As readers might have guessed, "Strange Embrace" is a very dark toned tale. "There are elements of nineteenth century novels in there: Dickens, the Brontes and Wilkie Collins, any authors who write about terrible family secrets and mad relatives locked away in the attic," Hine stated. "There's a madhouse scene that was heavily influenced by the film version of 'Suddenly Last Summer' too; so gothic horror and mystery are the predominant moods. The movies of David Lynch and Roman Polanski figure as influences too, with an unhealthy dose of existential angst that comes from reading too much Kafka and Sartre when I was a teenager."

Movies influenced Hine's creation of "Strange Embrace" and in the future, a film version of "Strange Embrace" might influence another burgeoning comic creator. "'Strange Embrace' has been optioned by Peter Boyce's Movienewmedia production company," Hine said. "Peter is the guy who has recently bought Comics International so he is pretty committed to comics. I have no idea how far along the project has progressed. A week after the option went to Movienewmedia I was approached by another British production company, so the interest is obviously there. Now if only there was money in this country to actually make the movies.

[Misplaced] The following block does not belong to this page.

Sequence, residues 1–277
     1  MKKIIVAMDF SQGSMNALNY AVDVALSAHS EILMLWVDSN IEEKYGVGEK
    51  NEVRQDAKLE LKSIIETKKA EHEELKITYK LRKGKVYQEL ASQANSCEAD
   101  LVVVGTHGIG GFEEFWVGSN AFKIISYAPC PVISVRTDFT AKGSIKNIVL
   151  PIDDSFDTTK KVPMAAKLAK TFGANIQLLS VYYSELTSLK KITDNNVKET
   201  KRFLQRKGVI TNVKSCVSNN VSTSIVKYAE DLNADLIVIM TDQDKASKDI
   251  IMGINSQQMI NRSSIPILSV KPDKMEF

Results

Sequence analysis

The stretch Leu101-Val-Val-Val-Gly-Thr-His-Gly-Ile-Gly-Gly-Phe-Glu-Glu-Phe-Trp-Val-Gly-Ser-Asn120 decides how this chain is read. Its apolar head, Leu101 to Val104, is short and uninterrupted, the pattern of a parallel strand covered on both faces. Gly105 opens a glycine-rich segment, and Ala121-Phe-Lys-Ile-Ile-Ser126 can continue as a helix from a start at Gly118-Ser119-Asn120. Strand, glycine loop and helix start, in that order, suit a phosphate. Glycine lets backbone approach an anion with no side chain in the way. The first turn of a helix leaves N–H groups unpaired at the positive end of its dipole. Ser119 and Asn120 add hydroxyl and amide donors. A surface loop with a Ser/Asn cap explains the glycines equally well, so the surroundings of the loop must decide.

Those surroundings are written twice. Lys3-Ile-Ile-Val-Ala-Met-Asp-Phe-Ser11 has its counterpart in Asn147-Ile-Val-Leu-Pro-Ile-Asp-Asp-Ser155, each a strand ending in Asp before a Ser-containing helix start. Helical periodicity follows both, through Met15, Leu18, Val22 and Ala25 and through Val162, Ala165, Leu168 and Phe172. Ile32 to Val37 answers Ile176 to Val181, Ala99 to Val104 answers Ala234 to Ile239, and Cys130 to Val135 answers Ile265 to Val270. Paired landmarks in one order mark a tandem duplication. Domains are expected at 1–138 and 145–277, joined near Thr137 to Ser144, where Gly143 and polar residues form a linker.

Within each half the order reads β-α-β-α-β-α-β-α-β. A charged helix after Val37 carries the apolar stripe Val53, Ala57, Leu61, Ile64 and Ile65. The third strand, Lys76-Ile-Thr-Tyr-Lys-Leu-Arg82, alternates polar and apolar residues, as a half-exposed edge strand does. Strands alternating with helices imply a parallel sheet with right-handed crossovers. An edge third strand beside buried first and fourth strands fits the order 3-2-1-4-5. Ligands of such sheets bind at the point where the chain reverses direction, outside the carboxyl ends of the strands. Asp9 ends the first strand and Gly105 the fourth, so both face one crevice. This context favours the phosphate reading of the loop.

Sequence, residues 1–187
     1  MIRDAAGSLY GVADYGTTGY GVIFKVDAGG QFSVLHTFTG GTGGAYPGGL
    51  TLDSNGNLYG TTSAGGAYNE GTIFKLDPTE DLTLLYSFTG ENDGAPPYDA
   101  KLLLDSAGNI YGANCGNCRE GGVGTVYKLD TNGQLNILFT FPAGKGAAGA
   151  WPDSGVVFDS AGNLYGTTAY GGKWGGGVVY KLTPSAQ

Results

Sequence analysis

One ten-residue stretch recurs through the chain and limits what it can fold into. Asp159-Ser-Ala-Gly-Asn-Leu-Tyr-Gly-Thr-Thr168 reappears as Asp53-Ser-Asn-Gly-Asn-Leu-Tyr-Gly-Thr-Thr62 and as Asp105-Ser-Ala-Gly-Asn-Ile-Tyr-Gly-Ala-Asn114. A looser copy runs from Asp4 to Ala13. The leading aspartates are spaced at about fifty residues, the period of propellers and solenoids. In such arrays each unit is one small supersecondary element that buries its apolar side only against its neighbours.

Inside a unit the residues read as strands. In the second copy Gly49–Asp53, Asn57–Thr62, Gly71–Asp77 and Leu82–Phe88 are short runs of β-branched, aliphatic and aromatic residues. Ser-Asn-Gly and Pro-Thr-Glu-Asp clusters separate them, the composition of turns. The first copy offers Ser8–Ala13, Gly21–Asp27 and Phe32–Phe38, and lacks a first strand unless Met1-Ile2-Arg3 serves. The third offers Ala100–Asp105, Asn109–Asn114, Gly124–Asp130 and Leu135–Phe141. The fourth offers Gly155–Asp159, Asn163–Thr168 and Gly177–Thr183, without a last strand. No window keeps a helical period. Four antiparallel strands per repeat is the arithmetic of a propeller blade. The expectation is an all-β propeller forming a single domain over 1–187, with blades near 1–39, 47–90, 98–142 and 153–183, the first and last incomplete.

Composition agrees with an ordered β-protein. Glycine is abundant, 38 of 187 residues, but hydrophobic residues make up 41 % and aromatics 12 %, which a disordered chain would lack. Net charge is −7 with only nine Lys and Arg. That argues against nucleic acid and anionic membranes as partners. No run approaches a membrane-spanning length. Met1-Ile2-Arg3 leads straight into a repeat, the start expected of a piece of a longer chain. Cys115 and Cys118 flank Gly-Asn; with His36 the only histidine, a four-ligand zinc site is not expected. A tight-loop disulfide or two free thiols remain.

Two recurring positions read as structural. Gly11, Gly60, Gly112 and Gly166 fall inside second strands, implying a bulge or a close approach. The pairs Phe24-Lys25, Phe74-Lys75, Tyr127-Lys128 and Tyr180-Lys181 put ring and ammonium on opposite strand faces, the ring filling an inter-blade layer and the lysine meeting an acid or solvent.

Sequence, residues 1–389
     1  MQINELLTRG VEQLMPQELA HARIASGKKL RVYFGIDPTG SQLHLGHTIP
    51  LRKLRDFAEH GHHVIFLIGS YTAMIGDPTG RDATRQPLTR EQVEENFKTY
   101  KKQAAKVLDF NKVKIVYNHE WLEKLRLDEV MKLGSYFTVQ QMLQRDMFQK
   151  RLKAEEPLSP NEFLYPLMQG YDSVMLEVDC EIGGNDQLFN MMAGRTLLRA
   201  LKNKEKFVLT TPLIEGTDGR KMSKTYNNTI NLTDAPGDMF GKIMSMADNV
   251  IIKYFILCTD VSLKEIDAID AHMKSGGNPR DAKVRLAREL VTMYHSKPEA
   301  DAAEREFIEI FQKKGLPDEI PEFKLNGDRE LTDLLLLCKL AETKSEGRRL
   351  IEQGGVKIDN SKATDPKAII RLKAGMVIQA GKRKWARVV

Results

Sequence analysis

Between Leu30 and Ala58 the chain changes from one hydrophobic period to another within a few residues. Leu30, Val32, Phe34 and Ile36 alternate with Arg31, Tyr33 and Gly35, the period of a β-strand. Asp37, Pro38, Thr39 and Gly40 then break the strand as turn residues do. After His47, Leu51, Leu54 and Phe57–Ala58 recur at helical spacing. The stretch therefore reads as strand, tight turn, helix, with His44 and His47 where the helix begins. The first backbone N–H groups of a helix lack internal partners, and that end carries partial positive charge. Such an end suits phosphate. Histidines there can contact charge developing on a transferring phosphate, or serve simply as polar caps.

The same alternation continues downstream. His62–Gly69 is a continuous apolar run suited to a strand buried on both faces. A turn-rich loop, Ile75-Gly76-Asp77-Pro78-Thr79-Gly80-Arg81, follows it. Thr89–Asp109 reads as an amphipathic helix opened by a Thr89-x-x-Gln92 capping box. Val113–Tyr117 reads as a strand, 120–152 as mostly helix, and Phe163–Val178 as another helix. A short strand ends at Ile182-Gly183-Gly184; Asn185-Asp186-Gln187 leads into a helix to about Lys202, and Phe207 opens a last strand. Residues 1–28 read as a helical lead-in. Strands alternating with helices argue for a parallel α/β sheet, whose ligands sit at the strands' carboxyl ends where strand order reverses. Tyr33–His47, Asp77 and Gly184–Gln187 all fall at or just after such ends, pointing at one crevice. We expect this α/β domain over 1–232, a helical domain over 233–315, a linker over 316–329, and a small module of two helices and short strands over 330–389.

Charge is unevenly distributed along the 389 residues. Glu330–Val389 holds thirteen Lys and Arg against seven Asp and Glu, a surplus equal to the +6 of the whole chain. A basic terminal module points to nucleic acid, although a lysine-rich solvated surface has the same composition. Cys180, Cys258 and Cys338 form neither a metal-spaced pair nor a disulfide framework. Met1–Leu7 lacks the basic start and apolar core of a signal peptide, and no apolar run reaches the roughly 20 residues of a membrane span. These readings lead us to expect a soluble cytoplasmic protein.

"For me it's the comic that counts. But it would be nice to make some money off a movie deal so I could afford to do another independent project like 'Strange Embrace,'" Hine said. "'Strange Embrace' gestated for years before I was actually able to take the time to write and draw 200 pages of comics. I have another similar project that I've been scribbling at for over ten years. It's so personal to me that I would have to draw it myself and publish it independently with no editorial oversight. At a guess that's two years of dedicated work. So if I suddenly disappear from mainstream comics, you'll know what I'm up to."